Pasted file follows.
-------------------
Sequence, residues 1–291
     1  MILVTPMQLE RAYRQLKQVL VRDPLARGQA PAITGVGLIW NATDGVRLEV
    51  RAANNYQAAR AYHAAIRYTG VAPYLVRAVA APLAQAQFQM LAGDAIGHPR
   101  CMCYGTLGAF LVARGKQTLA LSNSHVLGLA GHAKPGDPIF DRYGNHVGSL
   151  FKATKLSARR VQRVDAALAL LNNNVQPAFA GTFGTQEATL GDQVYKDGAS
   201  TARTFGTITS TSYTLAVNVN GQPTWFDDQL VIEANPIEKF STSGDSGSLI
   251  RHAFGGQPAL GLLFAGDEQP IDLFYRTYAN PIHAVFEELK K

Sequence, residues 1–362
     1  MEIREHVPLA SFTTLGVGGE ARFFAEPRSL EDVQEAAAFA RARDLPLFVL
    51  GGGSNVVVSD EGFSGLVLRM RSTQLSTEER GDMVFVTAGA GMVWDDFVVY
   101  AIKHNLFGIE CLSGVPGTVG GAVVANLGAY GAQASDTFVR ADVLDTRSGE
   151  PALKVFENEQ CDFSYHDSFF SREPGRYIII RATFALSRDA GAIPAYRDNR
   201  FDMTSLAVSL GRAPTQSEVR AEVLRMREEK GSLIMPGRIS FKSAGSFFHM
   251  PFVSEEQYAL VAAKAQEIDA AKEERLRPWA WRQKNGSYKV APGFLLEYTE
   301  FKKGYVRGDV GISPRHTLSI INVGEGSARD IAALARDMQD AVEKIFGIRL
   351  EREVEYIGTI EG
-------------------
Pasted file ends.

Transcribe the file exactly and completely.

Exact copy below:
Sequence, residues 1–291
     1  MILVTPMQLE RAYRQLKQVL VRDPLARGQA PAITGVGLIW NATDGVRLEV
    51  RAANNYQAAR AYHAAIRYTG VAPYLVRAVA APLAQAQFQM LAGDAIGHPR
   101  CMCYGTLGAF LVARGKQTLA LSNSHVLGLA GHAKPGDPIF DRYGNHVGSL
   151  FKATKLSARR VQRVDAALAL LNNNVQPAFA GTFGTQEATL GDQVYKDGAS
   201  TARTFGTITS TSYTLAVNVN GQPTWFDDQL VIEANPIEKF STSGDSGSLI
   251  RHAFGGQPAL GLLFAGDEQP IDLFYRTYAN PIHAVFEELK K

Sequence, residues 1–362
     1  MEIREHVPLA SFTTLGVGGE ARFFAEPRSL EDVQEAAAFA RARDLPLFVL
    51  GGGSNVVVSD EGFSGLVLRM RSTQLSTEER GDMVFVTAGA GMVWDDFVVY
   101  AIKHNLFGIE CLSGVPGTVG GAVVANLGAY GAQASDTFVR ADVLDTRSGE
   151  PALKVFENEQ CDFSYHDSFF SREPGRYIII RATFALSRDA GAIPAYRDNR
   201  FDMTSLAVSL GRAPTQSEVR AEVLRMREEK GSLIMPGRIS FKSAGSFFHM
   251  PFVSEEQYAL VAAKAQEIDA AKEERLRPWA WRQKNGSYKV APGFLLEYTE
   301  FKKGYVRGDV GISPRHTLSI INVGEGSARD IAALARDMQD AVEKIFGIRL
   351  EREVEYIGTI EG